solar sisterWith nearly 75% of rural Africa lacking access to electricity and only 26% of women acting as entrepreneurs, several African countries remain behind the developmental curve and bogged down in poverty. Lack of light and decreased business-building based on gender and status stall improvement in nearly every facet of life. Therefore, access to electricity and increased female entrepreneurial activity could be pivotal in overcoming poverty. The nonprofit organization Solar Sister empowers women to conquer economic, healthcare and education challenges in developing nations by encouraging female entrepreneurship related to increasing electricity availability.

What Is Solar Sister?

Founded in 2011, Solar Sister is a women-led empowerment movement aimed at encouraging female innovation and entrepreneurship through solar technology. The organization trains and equips participants with the necessary skills to create and distribute clean energy solutions that help combat community problems. The overarching goal is to increase electricity access in the world’s most impoverished places. According  one successful Solar Sister, “to progress, first you need light.”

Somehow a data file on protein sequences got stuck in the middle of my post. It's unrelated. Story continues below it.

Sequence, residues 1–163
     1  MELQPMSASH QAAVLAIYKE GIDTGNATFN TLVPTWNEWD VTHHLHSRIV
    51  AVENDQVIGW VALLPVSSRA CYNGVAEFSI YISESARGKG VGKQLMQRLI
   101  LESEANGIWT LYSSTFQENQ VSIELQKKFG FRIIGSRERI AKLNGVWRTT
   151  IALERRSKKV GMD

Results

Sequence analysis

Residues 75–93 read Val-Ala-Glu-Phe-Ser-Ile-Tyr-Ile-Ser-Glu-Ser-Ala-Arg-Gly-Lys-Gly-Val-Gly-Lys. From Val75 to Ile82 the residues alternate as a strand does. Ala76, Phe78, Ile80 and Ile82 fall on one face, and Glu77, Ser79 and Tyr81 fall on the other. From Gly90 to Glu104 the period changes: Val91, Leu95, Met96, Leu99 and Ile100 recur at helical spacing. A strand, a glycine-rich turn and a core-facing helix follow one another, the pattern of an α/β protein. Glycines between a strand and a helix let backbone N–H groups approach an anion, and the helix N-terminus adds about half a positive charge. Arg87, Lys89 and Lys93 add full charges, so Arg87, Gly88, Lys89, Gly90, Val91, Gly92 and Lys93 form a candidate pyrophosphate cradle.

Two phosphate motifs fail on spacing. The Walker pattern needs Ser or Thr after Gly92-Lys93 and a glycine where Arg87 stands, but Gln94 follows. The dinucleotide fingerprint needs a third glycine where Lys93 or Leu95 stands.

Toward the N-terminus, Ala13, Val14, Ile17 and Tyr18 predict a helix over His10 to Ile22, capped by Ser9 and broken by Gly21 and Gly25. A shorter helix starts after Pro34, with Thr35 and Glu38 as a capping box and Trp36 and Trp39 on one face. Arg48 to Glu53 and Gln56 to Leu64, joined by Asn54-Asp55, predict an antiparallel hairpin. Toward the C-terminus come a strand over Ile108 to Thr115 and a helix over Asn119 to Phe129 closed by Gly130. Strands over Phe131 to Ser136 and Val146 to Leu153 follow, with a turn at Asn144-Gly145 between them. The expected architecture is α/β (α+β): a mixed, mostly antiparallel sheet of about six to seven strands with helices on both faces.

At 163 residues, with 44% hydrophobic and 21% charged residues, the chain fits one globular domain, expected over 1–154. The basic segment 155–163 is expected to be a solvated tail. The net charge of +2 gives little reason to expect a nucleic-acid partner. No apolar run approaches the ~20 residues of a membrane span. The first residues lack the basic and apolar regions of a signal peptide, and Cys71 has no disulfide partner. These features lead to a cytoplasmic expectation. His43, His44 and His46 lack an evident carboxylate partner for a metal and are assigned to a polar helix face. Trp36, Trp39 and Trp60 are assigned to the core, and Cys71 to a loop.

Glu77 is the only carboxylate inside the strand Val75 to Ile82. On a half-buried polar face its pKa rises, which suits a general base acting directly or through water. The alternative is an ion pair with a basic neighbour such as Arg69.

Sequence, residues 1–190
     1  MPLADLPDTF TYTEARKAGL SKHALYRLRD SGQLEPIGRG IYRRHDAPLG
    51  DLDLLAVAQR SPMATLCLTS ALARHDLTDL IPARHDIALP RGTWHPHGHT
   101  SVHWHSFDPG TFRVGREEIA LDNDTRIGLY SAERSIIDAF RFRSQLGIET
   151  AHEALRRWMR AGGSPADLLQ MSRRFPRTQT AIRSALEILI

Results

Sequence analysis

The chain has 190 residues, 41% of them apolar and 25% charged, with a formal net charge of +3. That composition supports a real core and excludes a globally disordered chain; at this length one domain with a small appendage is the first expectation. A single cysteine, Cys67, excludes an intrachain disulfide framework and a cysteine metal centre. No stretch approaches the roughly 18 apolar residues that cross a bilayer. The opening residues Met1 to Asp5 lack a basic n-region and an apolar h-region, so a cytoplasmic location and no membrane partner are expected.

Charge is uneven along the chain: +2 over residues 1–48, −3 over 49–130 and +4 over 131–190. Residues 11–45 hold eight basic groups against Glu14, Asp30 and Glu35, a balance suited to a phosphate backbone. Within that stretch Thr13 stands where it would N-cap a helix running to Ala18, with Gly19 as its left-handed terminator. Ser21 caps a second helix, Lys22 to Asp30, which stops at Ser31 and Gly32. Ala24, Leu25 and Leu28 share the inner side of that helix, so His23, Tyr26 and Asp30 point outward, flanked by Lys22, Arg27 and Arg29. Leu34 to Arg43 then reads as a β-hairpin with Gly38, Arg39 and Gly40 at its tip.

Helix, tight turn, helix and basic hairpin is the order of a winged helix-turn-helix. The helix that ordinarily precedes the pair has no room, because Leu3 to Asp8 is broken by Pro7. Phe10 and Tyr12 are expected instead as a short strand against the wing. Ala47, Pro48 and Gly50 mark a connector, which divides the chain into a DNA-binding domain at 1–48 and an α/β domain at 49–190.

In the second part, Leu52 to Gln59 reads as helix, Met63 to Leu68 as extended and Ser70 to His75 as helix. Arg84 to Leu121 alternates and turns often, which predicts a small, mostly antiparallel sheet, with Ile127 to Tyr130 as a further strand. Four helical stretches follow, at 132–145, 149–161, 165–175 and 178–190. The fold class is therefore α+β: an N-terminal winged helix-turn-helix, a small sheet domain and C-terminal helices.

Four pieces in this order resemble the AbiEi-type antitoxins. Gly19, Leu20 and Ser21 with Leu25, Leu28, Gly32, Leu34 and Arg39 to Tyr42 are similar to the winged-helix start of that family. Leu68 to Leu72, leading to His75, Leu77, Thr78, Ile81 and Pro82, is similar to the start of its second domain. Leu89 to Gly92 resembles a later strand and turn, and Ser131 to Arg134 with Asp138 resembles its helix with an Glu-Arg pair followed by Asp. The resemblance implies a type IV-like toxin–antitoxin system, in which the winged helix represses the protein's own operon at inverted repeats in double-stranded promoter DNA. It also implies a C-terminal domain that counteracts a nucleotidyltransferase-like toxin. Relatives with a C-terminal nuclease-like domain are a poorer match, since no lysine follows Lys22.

Like most business ventures, many Solar Sisters report that their businesses are built largely on trust and willingness to “take risks.” Solar Sister empowers women by focusing intently on its founder and CEO Katherine Lucey’s motto that everyone deserves access to clean, affordable energy. By employing women’s personal knowledge about their peers’ and villages’ needs, the organization is quickly approaching Lucey’s goal by creating specialized clean energy solutions and promoting female entrepreneurship.

Hilaria’s Story

Hilaria Paschal, one of Solar Sister’s first entrepreneurs in Tanzania, began her journey with clean energy in 2013. She is a farmer, basket weaver, businesswoman, wife and mother of three. Paschal’s husband kick-started her company with minor capital, but she has managed the operation since. She purchased only 12 lights at her business’s conception, yet managed to sell 25 products in her first month. Since 2013, Paschal has sold nearly 400 products that now power more than 2,000 homes. She attributes her success to her specialized knowledge of her village’s needs and to her immense creativity.